Richard Loeb is a little “outside my time period,” but I have made a concerted effort to research him this summer because I am fascinated by him. It all began because I decided to watch old Alfred Hitchcock movies, and I viewed Rope. Rope, from 1948, is based on a play which is based on the Leopold and Loeb murders. As soon as I found out, courtesy of Wikipedia, that one of the Leopold and Loeb murderers was named Richard, I knew I had to find out more.
Although Loeb is usually mentioned in the same breath as Nathan Leopold, Jr (his partner in crime), this website is dedicated to Dicks, not Nathans (sorry, Leopold). To that end, this entry will focus more on Richard, but Nathan will be in here, too.
The basics are that Richard and Nathan, two very smart Jewish boys from wealthy Chicago families, kidnapped and murdered a fourteen-year-old boy named Bobby Franks. They were 18 and 19, respectively, when the murder took place in late May 1924, but both had already graduated from undergrad. In fact, Richard was (and still is, I believe) the youngest graduate in the history of the University of Michigan. Although Richard graduated very young (at 17, going on 18), he was not an Einstein. From what I have read, Nathan was incredibly smart; Richard, while smart, had been pushed by his governess to achieve academically, even though he wasn’t necessarily ready to graduate high school shortly after turning 14.
As to why the boys murdered Bobby, that has something to do with their personalities and their odd relationship. Richard was extremely into crime stories (I can sympathize, as I love me some Law & Order) and liked to commit crimes (with which I do not sympathize). He had broken windows and set fire to buildings before. Richard had fantasies of himself as a master criminal, but what fun is being a master criminal if nobody appreciates it? That was where Nathan came in.
Nathan Leopold was not as much into crime, but was extremely close to Richard. Rumors have circulated that Leopold and Loeb were lovers, and I certainly think they had a sexual relationship. It seems Leopold was more into sex than Loeb, so while Richard got adulation and a willing criminal participant, Nathan received a sex partner. In this way, both boys were both dominant and submissive (Richard was dominant in criminal activity but submissive sexually, while Nathan was submissive in crime and dominant sexually). It sounds like a fascinating and rather fraught relationship. In addition, both seemed to have some self-esteem problems/inferiority complexes, and their relationship allowed them to be with someone superior (the other guy), while also be the superior one at times.
Rope makes much of the Nietzschean superman philosophy of the killers. While I think this was a part of it, I’m not sure this was necessarily the reason why. Furthermore, I think Nathan was more into Nietzsche than Richard was. Richard wanted to commit a perfect crime to show he was a master criminal (and wanted Nathan to participate so he would have something on him); Nathan wanted to please Richard (no doubt among other reasons). Nathan seemed to be more knowledgeable about Nietzsche, and, from what I’ve read, he seemed to use that philosophy to rationalize what they had done. After all, Richard confessed first, and had almost backed out of asking for the ransom. Richard very much wanted to plan a crime and was rather bold about it before the deed was done, but Nathan also helped plan and seemed better able to deal with whatever feelings the murder caused. As portrayed in fictionalized accounts, Richard was the bigger asshole before the murder, but Nathan was the bigger asshole afterwards (when he started going all Nietzschean superman on everybody’s ass).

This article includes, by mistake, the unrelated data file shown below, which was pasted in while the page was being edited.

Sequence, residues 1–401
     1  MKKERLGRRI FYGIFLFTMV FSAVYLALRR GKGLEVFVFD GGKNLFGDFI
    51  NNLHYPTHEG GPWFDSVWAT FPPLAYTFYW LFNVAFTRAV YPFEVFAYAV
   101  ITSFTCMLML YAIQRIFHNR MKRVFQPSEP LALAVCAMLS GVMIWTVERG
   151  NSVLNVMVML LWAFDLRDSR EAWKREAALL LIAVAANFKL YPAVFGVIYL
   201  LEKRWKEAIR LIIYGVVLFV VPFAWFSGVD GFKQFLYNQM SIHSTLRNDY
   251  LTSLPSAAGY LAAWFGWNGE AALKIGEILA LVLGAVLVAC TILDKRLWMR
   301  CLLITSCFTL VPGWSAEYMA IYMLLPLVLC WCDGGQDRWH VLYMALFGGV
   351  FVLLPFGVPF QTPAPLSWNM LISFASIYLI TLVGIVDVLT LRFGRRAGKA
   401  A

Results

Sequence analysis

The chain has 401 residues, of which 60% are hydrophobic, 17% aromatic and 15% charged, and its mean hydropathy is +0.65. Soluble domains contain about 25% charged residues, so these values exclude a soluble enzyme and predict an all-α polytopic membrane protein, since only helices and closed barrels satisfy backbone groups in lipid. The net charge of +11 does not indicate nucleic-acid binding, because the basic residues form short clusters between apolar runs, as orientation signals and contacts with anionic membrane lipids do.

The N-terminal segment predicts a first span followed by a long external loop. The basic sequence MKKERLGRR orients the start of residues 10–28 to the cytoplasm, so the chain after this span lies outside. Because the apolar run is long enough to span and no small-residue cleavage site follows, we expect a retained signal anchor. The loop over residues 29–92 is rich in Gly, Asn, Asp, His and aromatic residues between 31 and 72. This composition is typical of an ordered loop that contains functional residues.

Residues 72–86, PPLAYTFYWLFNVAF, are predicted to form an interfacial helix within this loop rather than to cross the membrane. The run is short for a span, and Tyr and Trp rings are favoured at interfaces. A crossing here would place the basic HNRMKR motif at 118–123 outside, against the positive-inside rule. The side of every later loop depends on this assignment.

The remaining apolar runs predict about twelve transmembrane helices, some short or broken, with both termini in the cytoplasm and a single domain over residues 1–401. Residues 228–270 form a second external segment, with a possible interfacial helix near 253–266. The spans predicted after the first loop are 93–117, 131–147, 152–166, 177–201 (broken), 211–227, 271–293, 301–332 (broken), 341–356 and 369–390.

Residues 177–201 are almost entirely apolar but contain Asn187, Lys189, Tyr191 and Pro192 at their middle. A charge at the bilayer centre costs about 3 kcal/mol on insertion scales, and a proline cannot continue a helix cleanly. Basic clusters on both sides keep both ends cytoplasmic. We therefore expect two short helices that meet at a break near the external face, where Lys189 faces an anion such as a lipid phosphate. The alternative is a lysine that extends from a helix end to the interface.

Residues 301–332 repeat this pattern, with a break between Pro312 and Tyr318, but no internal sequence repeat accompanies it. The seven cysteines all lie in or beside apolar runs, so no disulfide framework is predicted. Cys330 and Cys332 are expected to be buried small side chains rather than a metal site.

The Leopold and Loeb families hired Clarence Darrow as the boys’ defense attorney. Due to the rather overwhelming amount of evidence and public opinion (both of which were against the two), Darrow had Richard and Nathan plead guilty. Instead of a trial before a jury, there was a hearing before a judge, in which Darrow argued that his clients should not be executed (by hanging). After nearly a month of testimony, including that from various psychiatrists and psychologists (called alienists back then); the judge imposed a sentence of life in prison for the murder and ninety-nine years for the kidnapping.
The two were initially taken to the state prison at Joliet, but Leopold was moved to Stateville shortly thereafter. Richard remained at Joliet until he was also transferred to Stateville in the early 1930s. Once the two were back in the same prison, they started a correspondence school and were able to spend time together. Although life wasn’t exactly all sunshine and rainbows, the two were permitted a certain amount of freedom. Both had plenty of money (from their families) and could buy cigarettes, candy, and other treats for themselves and their friends. When their purchasing power was curtailed by a new warden, it would cause trouble for Richard.
Richard had been in the habit of buying cigarettes and treats for his cell mate and friends. When new restrictions limited what Richard could buy, he could no longer afford to buy things for other inmates. James Day, another prison who had been a cell mate of Richard’s, did not take kindly to this. He argued some with Richard, although nobody thought much of it at the time.